Cover image for The story of the incredible orchestra
The story of the incredible orchestra
Koscielniak, Bruce.
Personal Author:
Publication Information:
Boston : Houghton Mifflin Co., 2000.
Physical Description:
1 volume (unpaged) : color illustrations ; 25 x 29 cm
Describes the orchestra, the families of instruments of which it is made, and the individual instruments in each family.
Reading Level:
IG 1250 Lexile.
Program Information:
Accelerated Reader AR LG 7.9 0.5 39573.

Reading Counts RC 3-5 6.9 3 Quiz: 29598 Guided reading level: W.
Format :


Call Number
Material Type
Home Location
Central Library ML1200 .K67 2000 Juvenile Non-Fiction Childrens Area
Clarence Library ML1200 .K67 2000 Juvenile Non-Fiction Open Shelf
Clearfield Library ML1200 .K67 2000 Juvenile Non-Fiction Open Shelf
Collins Library ML1200 .K67 2000 Juvenile Non-Fiction Open Shelf
Hamburg Library ML1200 .K67 2000 Juvenile Non-Fiction Open Shelf
Kenilworth Library ML1200 .K67 2000 Juvenile Non-Fiction Open Shelf
Anna M. Reinstein Library ML1200 .K67 2000 Juvenile Non-Fiction Open Shelf
Niagara Branch Library ML1200 .K67 2000 Juvenile Non-Fiction Open Shelf

On Order



Have you ever seen an orchestra perform? What are all those different instruments and how do they all play just the right note at just the right time? In this fact-filled and entertaining picture book, Bruce Koscielniak gives us a lively look at the history of the orchestra and all the instruments that make up this wonderful gathering of sound. From the "tooter, strings and beaters" of the 1600s to the keyboard synthesizers of today, this playful exploration follows the developments and trends of music and instruments over the past four hundred years.

Author Notes

Bruce Koscielniak is the author and illustrator of several books for children; he is also a musician who has played the violin and jazz guitar for many years. He lives in the Berkshires region of Massachusetts.

Reviews 3

Booklist Review

Ages 5^-9. The story starts on splendid front endpapers featuring pen-and-watercolor sketches of early instruments: lutes and viols, tabors and crumhorns. The back papers illustrate modern orchestral instruments: harps and violins, clarinets, and flutes. Before 1600, musical groups were small, but in 1597 the Italian composer Gabrieli wrote separate parts for specific groups of instruments in his Sacrae Symphoniae, marking the beginning of the orchestra. Koscielniak describes different musical styles and families of instruments, and introduces composers such as Haydn, Stravinksy, and Ellington to trace the growing power, intensity, and form of orchestral music. The illustrations are dense with gentle color and filled with scenes of musicians at play and pictures of instruments, with banner labels adding more information. The labels in particular use a light touch: the trombone, we learn, is Italian for "large trumpet," and Louis XIV had an ensemble called "The King's Twelve Excellent Oboists." A lot of information about who invented what and how it's played is packed into these engaging pages, making this a shining tool for adults to share with children who enjoy music and want to know more. --GraceAnne A. DeCandido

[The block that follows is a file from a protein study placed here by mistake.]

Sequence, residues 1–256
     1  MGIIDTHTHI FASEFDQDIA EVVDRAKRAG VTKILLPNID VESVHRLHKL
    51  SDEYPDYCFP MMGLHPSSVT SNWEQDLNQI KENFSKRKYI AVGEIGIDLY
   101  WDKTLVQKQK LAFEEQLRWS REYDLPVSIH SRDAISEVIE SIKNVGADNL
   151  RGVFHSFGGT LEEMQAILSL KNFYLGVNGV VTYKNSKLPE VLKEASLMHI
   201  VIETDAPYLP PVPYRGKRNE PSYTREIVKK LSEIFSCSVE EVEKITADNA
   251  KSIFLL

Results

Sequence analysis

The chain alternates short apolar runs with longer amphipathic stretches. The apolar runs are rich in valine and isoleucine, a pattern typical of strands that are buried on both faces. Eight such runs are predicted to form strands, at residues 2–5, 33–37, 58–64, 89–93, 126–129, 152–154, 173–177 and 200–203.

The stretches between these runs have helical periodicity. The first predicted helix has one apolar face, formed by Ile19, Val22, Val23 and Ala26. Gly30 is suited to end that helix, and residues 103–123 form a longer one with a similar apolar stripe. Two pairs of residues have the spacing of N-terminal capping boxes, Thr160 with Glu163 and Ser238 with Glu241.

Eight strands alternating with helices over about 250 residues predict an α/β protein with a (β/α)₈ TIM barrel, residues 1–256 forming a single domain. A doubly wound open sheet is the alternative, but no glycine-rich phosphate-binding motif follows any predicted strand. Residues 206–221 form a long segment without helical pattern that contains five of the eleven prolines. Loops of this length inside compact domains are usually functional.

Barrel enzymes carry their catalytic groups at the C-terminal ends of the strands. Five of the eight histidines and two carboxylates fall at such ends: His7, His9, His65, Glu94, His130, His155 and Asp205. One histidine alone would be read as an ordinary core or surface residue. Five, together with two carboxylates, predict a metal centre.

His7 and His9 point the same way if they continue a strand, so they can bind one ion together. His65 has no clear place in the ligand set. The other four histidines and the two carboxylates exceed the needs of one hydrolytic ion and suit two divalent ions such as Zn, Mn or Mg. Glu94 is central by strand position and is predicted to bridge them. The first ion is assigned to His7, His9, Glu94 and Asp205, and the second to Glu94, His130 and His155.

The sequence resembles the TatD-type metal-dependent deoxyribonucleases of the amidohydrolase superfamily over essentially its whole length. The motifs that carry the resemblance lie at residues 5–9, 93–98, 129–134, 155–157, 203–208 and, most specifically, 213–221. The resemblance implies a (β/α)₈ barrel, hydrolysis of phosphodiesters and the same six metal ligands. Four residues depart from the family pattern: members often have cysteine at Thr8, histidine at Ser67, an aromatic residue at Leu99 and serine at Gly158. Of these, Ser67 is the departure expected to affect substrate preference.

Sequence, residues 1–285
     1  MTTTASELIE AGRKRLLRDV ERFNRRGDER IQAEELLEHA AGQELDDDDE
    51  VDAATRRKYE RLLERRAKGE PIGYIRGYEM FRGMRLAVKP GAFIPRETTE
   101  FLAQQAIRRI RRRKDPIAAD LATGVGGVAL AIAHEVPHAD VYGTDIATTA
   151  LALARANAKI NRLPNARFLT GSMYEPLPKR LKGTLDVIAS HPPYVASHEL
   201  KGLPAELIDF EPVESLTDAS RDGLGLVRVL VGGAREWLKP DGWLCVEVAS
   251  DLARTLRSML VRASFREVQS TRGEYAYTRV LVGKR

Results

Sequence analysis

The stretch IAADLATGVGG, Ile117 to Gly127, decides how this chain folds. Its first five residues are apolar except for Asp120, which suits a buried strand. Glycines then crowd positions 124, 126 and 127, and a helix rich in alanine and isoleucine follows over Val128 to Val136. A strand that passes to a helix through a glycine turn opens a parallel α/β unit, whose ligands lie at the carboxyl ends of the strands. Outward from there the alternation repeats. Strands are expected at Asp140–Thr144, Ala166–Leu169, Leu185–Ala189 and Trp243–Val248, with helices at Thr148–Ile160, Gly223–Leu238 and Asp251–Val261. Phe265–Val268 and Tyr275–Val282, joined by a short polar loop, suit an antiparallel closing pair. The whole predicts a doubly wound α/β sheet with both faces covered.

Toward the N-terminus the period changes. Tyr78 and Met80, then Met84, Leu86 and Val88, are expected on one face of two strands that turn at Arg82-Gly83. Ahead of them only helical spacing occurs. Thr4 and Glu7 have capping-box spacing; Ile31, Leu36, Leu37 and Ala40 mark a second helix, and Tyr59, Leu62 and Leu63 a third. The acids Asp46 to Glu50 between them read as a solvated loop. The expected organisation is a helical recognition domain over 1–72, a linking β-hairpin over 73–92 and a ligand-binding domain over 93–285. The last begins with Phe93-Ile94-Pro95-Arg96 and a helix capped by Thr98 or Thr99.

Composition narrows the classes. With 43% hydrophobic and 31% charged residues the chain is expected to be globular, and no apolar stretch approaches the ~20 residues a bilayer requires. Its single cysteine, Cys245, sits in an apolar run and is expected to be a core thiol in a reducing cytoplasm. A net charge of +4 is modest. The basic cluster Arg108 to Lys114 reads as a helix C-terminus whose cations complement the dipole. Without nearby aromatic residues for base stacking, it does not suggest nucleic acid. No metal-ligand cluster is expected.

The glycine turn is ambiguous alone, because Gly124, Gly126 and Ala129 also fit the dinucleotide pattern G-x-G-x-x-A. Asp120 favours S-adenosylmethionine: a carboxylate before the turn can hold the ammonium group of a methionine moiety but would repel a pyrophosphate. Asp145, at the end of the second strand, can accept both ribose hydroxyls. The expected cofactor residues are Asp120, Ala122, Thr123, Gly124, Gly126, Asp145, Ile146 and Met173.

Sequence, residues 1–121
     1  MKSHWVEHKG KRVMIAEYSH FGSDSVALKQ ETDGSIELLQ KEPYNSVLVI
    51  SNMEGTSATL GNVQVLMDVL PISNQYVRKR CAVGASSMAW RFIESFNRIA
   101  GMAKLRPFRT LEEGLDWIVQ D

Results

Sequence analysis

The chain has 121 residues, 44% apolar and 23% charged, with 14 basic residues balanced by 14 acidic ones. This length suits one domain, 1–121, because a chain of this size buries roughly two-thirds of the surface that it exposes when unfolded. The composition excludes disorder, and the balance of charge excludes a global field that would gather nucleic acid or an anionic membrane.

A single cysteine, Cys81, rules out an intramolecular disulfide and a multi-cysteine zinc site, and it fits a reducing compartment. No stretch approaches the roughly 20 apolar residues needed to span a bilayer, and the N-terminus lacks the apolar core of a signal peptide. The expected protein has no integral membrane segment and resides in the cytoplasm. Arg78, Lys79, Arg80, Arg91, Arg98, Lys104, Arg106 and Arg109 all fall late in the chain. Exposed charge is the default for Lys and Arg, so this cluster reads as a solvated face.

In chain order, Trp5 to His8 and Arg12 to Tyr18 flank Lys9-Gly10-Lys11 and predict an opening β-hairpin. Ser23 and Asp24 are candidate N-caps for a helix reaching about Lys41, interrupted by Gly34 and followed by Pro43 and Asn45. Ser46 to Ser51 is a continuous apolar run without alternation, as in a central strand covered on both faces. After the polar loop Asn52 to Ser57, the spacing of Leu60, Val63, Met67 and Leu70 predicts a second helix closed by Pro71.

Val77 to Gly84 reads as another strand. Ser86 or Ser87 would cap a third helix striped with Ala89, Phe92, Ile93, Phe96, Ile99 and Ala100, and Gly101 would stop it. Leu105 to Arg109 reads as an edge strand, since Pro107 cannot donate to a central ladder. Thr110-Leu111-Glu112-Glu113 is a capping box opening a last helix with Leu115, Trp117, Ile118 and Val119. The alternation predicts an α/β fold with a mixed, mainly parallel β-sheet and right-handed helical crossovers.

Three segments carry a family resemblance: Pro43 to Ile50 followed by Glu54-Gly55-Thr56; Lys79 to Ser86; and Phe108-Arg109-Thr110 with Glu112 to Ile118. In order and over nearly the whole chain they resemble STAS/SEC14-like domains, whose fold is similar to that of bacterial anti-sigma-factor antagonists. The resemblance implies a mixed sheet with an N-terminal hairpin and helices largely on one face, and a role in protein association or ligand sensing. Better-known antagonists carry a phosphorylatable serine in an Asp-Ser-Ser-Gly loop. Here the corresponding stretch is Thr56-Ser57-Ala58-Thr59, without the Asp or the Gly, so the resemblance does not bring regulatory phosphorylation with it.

Publisher's Weekly Review

HInformed and lively, Koscielniak's (Hear, Hear, Mr. Shakespeare) fact-filled excursion through music history is just the ticket for budding musicians and music-lovers at large. Deceptively breezy prose and pictures trace the various eras in the development of the modern orchestra, starting with the instrumental groups at the dawn of the 17th century ("Tooters, Strings, and Beaters") and continuing on up to the present day, with a look at synthesizers and computer sound modules. At the same time, Koscielniak explains the evolution of musical styles (Baroque, Romantic, Classical, etc.). He also clues in readers as to how various instruments have changed over the centuries, examining such intriguing instruments as the sackbut (early trombone) and shawm (a forerunner of the oboe), as well as more familiar ones ("Kettledrums: Putting the Bomp Bomp Bah Bomp in the Orchestra"). Such important historical figures as Bach, Haydn, Duke Ellington and violin craftsman Antonio Stradivari are also introduced. Koscielniak expertly integrates text and art to convey all this information; the pages are busy but not cluttered, piquing interest with carefully selected detail. Close-up sketches show, for instance, a bassoon's double reed or how a piston valve works on a brass instrument. Watercolor wash in muted earth-toned shades bolsters the assured ink drawings, which seem both precise and spontaneous. Endpapers display a rogue's gallery of instruments, grouped by type and period. Ages 4-8. (Apr.) (c) Copyright PWxyz, LLC. All rights reserved

School Library Journal Review

Gr 2-5-In a similar but much more focused format than his Hear, Hear, Mr. Shakespeare (Houghton, 1998), Koscielniak describes the evolution of the modern symphony orchestra and the instruments that comprise it. An informative narrative occupies at least one side of each double-page spread. Watercolor and line fill the pages, providing an up-close look at a variety of musical instruments and methods of sound production. Text inserts and captions accompany the artwork, describing the development of the instruments and their parts, or providing other related anecdotal information. The upbeat, whimsical drawings contrast with the rather formal narrative, which sometimes makes odd assumptions about readers' level of knowledge. Tempo is defined, for example, but not ensembles. The author covers a lot of ground here, perhaps too much, but most youngsters will learn something new. A fine complement to music-education programs.-Corinne Camarata, Port Washington Public Library, NY (c) Copyright 2010. Library Journals LLC, a wholly owned subsidiary of Media Source, Inc. No redistribution permitted.

Google Preview